Along with the availability improvement and price stabilization, other COVID-era restrictions and limitations have been either dramatically eased or eliminated for 2023. “It's an opposite situation to last year,” said Hutch Costello, Corporate Sales Director, Rhode Island Novelty Company. “There's an abundance of available product, we're not seeing the price fluctuations. A year ago this time what was causing the rising prices was getting spaces on the ship, the factories were in production. Now there's higher availability and the suppliers have higher fill rates. Last year, there were caps on amount of product and out-of-stock issues. If there were 10 different styles, you may have only been able to get three or you had to order something else. They were trying to spread out the inventory, which can cannibalize the products.”

While the supply side of the plush market endured disruptions, demand was surprisingly robust. “Games are hot and '21 and '22 were two, consecutive good years. Inventory is in a good position and buyers at Gibtown will be looking for the new trends where there's continued availability.”

Noting reports of new coronavirus variants, Costello also warned that earlier order placement may best be the rule not the exception in 2023. “Some factories have closed down recently, so we need to be realistic and keep an eye on the situation. Because inventory is in a good position now, if it becomes an issue it will not be until the end of the year.”


In addition to the exhibition floor, open 10:00 am to 5:00 pm, other events include the Sant Yago Knight Parade, Annual Big Hearted Jerry's Memorial Golf Tournament, and Jamboree Museum Fundraiser, the annual benefit to raise money for the IISA Carnival Museum, one of the leading repositories and archives of midway-related materials and equipment in the U.S. Rimes believes that one of the trends concurrent with the restoration of business after the peak of the pandemic crisis has been a renewed commitment to the preserving the industry's rich past.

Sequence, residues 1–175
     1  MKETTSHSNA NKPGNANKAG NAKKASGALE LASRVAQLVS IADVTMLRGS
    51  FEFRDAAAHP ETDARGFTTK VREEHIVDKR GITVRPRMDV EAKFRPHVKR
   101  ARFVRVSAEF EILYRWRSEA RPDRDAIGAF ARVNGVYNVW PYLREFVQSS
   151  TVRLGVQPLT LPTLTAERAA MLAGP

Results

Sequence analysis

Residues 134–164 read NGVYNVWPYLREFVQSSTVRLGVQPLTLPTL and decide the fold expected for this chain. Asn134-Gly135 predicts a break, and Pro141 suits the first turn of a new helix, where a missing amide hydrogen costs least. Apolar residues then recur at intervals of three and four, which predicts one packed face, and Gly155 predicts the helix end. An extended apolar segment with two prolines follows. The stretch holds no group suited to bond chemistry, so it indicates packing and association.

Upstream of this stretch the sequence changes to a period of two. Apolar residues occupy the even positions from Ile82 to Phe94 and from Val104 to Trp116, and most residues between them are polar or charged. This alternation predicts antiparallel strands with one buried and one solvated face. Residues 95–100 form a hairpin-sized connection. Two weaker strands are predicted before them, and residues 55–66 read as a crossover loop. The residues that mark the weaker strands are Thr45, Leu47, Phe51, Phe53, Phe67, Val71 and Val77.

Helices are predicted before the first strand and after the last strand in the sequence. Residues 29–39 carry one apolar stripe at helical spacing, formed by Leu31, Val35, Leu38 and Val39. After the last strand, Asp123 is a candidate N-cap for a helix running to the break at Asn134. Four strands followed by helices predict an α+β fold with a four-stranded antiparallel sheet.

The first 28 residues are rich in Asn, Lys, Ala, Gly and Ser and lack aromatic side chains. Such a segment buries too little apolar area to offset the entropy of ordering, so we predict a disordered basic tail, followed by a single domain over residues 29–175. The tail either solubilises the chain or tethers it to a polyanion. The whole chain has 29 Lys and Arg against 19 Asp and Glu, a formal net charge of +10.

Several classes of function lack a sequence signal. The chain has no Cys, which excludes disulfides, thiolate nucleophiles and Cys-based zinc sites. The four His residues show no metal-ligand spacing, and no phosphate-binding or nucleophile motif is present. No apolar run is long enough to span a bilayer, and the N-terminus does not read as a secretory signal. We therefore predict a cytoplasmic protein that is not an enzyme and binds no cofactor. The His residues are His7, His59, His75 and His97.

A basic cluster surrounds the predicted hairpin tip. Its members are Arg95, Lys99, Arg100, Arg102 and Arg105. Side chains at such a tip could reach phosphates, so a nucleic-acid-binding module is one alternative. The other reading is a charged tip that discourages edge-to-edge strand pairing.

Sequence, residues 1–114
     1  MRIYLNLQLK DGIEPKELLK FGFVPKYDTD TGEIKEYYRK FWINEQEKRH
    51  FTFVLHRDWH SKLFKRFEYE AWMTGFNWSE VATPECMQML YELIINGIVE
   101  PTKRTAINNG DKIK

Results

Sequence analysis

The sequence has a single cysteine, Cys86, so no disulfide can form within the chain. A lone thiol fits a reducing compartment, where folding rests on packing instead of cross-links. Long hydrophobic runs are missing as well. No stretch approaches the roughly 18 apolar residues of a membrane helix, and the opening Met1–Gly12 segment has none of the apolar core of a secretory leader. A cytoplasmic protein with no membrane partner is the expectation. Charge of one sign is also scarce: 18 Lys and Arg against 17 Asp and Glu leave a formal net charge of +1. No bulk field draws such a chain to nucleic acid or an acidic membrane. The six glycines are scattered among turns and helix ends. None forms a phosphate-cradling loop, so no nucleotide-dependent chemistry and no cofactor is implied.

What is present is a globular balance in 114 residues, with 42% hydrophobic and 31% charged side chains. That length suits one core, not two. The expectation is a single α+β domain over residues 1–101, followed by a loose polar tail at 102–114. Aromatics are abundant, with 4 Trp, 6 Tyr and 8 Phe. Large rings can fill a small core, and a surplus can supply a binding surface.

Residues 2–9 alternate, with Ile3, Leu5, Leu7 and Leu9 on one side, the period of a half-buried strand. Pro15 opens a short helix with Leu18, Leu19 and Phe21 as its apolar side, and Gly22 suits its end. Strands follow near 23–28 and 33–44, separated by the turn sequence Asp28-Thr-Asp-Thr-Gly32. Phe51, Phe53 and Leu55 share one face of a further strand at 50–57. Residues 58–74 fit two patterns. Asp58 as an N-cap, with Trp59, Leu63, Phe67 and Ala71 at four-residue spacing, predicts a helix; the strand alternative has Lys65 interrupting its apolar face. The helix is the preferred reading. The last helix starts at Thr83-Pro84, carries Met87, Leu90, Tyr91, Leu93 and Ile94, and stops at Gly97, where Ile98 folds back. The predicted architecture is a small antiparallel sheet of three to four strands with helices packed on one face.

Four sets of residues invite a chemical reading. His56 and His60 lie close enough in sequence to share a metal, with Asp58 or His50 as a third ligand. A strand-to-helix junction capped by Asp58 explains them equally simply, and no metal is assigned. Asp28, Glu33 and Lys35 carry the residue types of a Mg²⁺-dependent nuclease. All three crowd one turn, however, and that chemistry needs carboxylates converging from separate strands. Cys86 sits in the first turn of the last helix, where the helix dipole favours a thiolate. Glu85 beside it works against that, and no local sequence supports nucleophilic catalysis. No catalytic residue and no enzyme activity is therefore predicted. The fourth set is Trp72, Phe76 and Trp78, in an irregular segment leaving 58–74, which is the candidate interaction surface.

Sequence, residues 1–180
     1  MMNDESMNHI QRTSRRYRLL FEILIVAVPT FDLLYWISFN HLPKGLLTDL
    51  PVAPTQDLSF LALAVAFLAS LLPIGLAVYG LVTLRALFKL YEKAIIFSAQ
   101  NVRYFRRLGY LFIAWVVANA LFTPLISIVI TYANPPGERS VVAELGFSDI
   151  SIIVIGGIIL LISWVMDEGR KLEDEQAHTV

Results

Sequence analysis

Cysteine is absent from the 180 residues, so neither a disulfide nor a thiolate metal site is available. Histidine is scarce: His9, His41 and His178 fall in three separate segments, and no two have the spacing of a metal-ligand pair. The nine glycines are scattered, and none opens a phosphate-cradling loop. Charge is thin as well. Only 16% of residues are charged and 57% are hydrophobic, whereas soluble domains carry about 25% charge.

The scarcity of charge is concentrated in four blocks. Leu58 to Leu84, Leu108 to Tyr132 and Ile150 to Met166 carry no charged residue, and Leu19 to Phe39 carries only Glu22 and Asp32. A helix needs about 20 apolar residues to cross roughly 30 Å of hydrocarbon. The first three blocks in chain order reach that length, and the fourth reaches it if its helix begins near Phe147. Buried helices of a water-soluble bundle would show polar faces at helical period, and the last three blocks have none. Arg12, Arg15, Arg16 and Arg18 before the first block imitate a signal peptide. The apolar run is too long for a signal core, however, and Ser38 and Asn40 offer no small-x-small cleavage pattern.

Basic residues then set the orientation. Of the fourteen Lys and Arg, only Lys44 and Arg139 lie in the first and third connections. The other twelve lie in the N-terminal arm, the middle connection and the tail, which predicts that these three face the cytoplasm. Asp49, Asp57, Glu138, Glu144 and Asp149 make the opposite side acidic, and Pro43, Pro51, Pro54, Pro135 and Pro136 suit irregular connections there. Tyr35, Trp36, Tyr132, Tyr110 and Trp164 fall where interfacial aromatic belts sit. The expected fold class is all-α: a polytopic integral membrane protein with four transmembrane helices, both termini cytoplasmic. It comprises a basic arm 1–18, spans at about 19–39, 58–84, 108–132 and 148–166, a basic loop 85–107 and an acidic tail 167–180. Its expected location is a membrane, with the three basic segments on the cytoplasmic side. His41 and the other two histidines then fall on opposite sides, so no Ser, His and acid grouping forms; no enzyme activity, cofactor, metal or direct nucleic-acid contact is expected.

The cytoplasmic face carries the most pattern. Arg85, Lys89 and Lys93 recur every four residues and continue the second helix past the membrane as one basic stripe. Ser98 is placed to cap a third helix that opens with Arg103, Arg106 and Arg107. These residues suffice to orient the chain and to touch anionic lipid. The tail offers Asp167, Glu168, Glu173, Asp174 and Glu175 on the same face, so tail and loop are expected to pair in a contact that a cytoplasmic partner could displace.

“Last year was our best fundraiser ever and there's a real excitement for it this year,” said Rimes. “It was our biggest crowd, and we also had our biggest golf tournamanet. Our attendance was down, but they turned out for the museum. The industry's legacy is something we are taking very seriously.”

“It keeps getting bigger and bigger,” said Tom I. Arnold, president of Arnold Amusements.

“The more people learn about the museum, the more people support it, and we keep expanding the size of the space for the fundraiser to accommodate the party. We have received a lot of vintage pieces which we are restoring, it's one of the few carnival museums of its kind in the country.”


Education, Information and Training will be key themes for this year's IISA seminar schedule, which includes: “H-2b Balancing Act – Practical, Political Strategies For Survival In This New Abnormal”, presented by James K. Judkins, President of JKJ Workforce Agency and the Small Business Workforce Alliance.” ; Industrial Truck / Forklift Training and ServSafe certification, which is now a requirement for “aLL food service vendors in aLL states,” according to the IISA.

With the tightening of the labor market and the H2B program expanded to new cohorts of workers, the need food safety certification has never been higher.

“Realistically, the level of employee availability has changed in dramatically in the carnival and food truck word,” said Dominic Cianciola, Director & Training Specialist, Last Call Training, who will be conducting the certification. “The focus by states and municipalities is requiring more employee and manager certification. There is more crossover on the midway than ever before, they're working the game stands and even rides one day, then on the foods stand the next, so we are seeing more employees needing to be certified.”